The last part of the phrase, the kingdom of God is “at hand,” indicates that God’s reign was about to begin. God’s anointed representative, Jesus, had arrived and was setting out to establish God’s kingdom. Later Jesus would say that the kingdom had come, that it was going to come with power, and also that people would enter it at the end of the age. These different ways of describing the kingdom indicate it was to come in stages. But at the beginning of his ministry, the kingdom was at hand or close.

“Repent and believe the gospel.” The appropriate response to God establishing his kingship is to repent. To repent is to change one’s heart, disposition, attitude, and mindset. Real repentance is not a declaration or claim. It is a sincere inward change that produces change in one’s actions as well (Matthew 21:28-32; Acts 26:20). Jesus is crystal clear that repentance is a necessary response to the truth of God’s kingship. He calls us to stop defying God, ignoring him, making empty promises, offering him token or legalistic acts of devotion, or twisting his words to fit our own will. Instead, we must change our outlook and give him absolute fealty and devotion as our King.

Jesus also calls us to “believe in the gospel.” We must resist the tendency to define gospel in this passage as Paul would describe it in his writings thirty-plus years later. Instead, Jesus is calling us to believe the joyful message he was proclaiming, namely, that God was about to establish his kingdom among us. According to the prophecies, God’s kingdom would be good news because God would bring deliverance, mercy, forgiveness, justice, righteousness, joy, and peace and would pour out his Spirit on all. Jesus will show us additional reasons why God’s kingdom is good news.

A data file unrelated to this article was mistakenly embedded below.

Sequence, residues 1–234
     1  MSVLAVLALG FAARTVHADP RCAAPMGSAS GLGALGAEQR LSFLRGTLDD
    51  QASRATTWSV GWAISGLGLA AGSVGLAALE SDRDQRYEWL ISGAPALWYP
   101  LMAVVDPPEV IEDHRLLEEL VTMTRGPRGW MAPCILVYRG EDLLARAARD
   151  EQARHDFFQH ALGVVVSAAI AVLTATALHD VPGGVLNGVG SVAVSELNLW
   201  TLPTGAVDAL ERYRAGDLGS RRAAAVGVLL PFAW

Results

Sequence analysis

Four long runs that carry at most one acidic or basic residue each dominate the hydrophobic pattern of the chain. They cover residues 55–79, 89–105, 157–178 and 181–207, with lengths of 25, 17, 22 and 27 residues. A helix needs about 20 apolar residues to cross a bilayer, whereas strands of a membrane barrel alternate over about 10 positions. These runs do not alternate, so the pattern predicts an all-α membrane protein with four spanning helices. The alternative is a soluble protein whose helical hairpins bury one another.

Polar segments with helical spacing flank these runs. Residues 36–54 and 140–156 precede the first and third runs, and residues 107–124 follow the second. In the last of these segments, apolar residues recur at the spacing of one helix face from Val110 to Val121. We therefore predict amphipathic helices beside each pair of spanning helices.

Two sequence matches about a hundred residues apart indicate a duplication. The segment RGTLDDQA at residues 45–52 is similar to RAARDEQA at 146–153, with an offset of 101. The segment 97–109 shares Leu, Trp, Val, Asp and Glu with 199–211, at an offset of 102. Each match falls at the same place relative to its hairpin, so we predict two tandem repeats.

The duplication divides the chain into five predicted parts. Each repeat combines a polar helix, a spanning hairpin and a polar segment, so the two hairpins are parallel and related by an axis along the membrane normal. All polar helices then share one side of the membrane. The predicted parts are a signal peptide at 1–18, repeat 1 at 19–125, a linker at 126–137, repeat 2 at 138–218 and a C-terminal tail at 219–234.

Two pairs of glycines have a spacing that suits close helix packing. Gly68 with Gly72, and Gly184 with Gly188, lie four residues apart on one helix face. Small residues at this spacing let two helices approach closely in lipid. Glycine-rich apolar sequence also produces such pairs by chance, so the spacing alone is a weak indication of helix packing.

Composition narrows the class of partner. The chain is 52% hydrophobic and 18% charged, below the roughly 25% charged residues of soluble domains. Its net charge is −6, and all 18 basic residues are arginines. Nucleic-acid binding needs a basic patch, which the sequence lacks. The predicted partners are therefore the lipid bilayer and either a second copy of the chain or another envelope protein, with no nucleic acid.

When we go around the circle at small group or a devotional and ask each person to summarize the message of Jesus, we will get a variety of answers. Mark sent in his answer in advance. His inspired summary of the essence of Jesus’ message is that the time had come for God to bring about better days by ruling people as their king and that we are to repent and believe it. That God is doing this is tremendously good news, but it also makes a significant demand on us. Perhaps that’s why we don’t hear this summary very often. Yet it is stately clearly in Scripture and we need to hear and heed it.

There is good reason for believing Jesus’ announcement of the news about the coming of God’s kingdom is true, and we’ll turn to that next.  But for this week perhaps we could take some time to ponder, What does it mean for me to follow Christ this week based on this summation of Jesus’ message?

Published by Marvin Bryant

After serving as a minister for churches for forty years, Marvin founded the Empowering Subjects to equip subjects of the King to change the world like Jesus did.